SCULPT: How to create accessible online content

Posted in: Learning and Training, Toolkits and Guides

To mark the ninth Global Accessibility Awareness Day, the UK Government's Digital Services team ran a series of webinars on digital accessibility. We joined them for the session on supporting others to develop accessible practice.

The SCULPT system

Helen Wilson, Digital Designer at Worcester County Council, led the Making accessibility accessible: the secret to engaging your workforce webinar and share the SCULPT system, a set of guidelines designed to support people to create accessible documents online.

SCULPT stands for Structure, Colour and Contrast, Use of images, Links, Plain English and Table structure. All of these are vital elements to creating accessible online documents. Whether you're sharing PowerPoint slides from a presentation or sharing a word document with colleagues, there’s a lot we in the public engagement world can learn from these guidelines.

Download the SCULPT Guide to provides easy to understand guidance on creating accessible documents.

Accessible public engagement

While some public engagement work occurs face to face, document accessibility is still a crucial part of good practice. If you’re working with external or internal collaborators, you might be using shared documents, creating meeting minutes, reports or PowerPoint slides. Making sure these documents are as accessible as possible means you can work more effectively with a wider variety of public groups and avoid unintentionally excluding people from your work.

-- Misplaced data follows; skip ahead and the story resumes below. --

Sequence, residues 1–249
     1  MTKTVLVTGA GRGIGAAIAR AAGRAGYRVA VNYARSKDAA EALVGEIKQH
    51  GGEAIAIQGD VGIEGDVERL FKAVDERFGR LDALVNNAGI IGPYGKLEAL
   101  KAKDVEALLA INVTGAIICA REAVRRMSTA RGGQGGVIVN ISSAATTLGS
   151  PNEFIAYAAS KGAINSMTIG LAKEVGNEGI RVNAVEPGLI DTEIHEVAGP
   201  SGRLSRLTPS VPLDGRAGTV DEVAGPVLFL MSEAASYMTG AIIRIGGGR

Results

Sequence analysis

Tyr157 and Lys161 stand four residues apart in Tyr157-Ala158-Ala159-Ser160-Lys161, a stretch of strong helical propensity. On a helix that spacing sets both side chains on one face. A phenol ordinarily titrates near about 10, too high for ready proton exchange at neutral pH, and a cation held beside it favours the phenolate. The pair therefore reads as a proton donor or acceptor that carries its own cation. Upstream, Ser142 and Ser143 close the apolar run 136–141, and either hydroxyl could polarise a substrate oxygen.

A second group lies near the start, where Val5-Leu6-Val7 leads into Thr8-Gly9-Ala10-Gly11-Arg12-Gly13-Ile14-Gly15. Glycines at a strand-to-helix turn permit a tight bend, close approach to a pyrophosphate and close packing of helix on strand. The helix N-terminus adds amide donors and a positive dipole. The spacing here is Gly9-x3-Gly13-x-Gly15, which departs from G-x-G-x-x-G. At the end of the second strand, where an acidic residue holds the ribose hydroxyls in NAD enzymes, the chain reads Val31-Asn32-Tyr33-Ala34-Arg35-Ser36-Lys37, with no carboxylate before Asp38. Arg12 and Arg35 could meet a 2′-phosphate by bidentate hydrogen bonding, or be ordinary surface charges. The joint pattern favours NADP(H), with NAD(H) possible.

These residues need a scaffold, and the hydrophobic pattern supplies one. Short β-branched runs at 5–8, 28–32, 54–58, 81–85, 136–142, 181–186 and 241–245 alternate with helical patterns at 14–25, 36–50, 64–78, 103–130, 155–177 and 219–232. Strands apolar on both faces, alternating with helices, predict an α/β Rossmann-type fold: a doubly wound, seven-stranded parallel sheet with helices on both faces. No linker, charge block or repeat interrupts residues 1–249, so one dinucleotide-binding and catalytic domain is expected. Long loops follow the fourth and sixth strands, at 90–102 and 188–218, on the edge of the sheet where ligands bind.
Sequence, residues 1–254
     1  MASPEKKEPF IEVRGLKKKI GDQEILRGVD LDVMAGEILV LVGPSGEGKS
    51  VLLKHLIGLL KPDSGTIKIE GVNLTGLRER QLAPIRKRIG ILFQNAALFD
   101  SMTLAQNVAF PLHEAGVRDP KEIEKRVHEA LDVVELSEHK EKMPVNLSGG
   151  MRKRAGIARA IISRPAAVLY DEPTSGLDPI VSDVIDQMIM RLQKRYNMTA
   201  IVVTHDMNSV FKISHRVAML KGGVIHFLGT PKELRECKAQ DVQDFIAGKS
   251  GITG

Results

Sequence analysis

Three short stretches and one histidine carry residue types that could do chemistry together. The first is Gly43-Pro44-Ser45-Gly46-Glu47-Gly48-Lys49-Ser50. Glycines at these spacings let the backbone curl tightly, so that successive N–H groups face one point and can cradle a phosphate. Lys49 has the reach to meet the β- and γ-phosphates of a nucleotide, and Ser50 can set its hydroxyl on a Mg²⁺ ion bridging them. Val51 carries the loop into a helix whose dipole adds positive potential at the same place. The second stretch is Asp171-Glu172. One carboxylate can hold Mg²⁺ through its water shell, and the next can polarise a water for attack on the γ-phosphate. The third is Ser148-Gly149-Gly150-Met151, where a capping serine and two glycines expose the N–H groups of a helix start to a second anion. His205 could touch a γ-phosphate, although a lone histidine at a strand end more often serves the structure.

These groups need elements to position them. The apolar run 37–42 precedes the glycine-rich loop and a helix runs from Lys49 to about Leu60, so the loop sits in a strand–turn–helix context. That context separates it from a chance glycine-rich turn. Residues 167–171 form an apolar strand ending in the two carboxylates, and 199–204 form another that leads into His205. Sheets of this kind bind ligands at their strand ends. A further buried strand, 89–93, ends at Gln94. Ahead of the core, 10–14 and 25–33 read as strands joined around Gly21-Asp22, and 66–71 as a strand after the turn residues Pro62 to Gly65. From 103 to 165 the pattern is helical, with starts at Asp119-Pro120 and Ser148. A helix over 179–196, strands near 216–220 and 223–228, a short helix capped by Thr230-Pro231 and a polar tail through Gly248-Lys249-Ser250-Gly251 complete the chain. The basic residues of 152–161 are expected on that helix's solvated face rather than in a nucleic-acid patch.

Equally, if you are taking part in any digital engagement, you want to keep these accessibility requirements at the front of your mind. If you share your slides from an online talk, this guide will be helpful to ensure everyone can access them and you don't risk excluding people.

We were particularly pleased to see ‘Plain English’ mentioned as part of the SCULPT guidance. In the Public Engagement Unit, plain English has been a critical part of many of our initiatives, including the Images of Research competition that we ran up until 2018. Using clear language and avoiding jargon can help you when working with all audiences, including academic colleagues from other fields and anyone for who English is a second language or people with learning difficulties or reduced cognitive abilities.

You can find out more about SCULPT in a blog post written by Helen Wilson or explore any of the links above.

Rob Cooper is a Public Engagement Officer at the University of Bath

Posted in: Learning and Training, Toolkits and Guides


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